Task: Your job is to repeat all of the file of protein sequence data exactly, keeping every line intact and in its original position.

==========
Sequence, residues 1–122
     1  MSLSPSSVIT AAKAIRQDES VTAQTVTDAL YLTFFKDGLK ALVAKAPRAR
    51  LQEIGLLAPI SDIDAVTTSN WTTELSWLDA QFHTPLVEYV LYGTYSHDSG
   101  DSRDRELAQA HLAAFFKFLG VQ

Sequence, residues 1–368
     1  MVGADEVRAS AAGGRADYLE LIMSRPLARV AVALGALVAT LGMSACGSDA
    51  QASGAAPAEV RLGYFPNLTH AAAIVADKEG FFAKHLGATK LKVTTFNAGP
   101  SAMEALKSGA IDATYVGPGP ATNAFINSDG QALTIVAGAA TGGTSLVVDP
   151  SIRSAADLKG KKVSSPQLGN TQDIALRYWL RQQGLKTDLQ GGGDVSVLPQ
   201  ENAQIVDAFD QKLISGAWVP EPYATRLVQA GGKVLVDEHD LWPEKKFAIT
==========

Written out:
Sequence, residues 1–122
     1  MSLSPSSVIT AAKAIRQDES VTAQTVTDAL YLTFFKDGLK ALVAKAPRAR
    51  LQEIGLLAPI SDIDAVTTSN WTTELSWLDA QFHTPLVEYV LYGTYSHDSG
   101  DSRDRELAQA HLAAFFKFLG VQ

Sequence, residues 1–368
     1  MVGADEVRAS AAGGRADYLE LIMSRPLARV AVALGALVAT LGMSACGSDA
    51  QASGAAPAEV RLGYFPNLTH AAAIVADKEG FFAKHLGATK LKVTTFNAGP
   101  SAMEALKSGA IDATYVGPGP ATNAFINSDG QALTIVAGAA TGGTSLVVDP
   151  SIRSAADLKG KKVSSPQLGN TQDIALRYWL RQQGLKTDLQ GGGDVSVLPQ
   201  ENAQIVDAFD QKLISGAWVP EPYATRLVQA GGKVLVDEHD LWPEKKFAIT